Since the above was in type, the following was noticed in the current number of a Del Norte Co., Cal., paper, published close to a large deposit of this sand, and is here appended as illustrative of hundreds of similar items that have been published in this paper in the last thirty-four years, exemplifying the fact that the industry is a permanently paying one, and that there has been little change in the successful methods of securing the gold:
    The black sand mine of E. Yates, a couple of miles below Crescent City, is running in full blast, and indications are that it is a bonanza. The machine used for saving the fine particles of gold is similar to the "Old Tom," in use for many years in mining along the beaches. In this machine twenty-five square feet of corrugated copper plates are used, the usual mercury being put on. After the sand that contains the gold passes over the plates, it passes over a blanket. Should the plates fail to catch all the gold, the blanket does it. Mr. Yates believes that almost every particle of gold is saved. In a run of fifty hours about $100 was saved. The indications are that the other portions of the property are richer than this, as it is among the driftwood that he is now getting his sand.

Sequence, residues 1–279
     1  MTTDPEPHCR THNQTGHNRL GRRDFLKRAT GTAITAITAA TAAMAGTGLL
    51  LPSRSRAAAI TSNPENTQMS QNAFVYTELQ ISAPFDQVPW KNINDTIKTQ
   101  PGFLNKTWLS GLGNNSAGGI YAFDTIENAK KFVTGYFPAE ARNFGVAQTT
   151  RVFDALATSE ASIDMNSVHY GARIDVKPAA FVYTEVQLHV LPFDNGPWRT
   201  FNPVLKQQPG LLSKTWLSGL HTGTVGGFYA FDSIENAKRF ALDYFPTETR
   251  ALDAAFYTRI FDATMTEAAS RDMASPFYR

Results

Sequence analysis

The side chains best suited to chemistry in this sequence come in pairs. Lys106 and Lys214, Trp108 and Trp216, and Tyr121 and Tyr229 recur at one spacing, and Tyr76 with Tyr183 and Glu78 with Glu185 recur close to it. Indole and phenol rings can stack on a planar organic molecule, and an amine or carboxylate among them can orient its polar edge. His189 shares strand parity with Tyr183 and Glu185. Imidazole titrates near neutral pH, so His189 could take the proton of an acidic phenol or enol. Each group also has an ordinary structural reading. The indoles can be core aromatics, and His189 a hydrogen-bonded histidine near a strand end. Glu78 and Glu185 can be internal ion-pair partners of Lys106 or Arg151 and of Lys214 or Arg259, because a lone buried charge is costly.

Mining and Scientific Press, San Francisco, September 1, 1894, page 130


GOLDEN SANDS.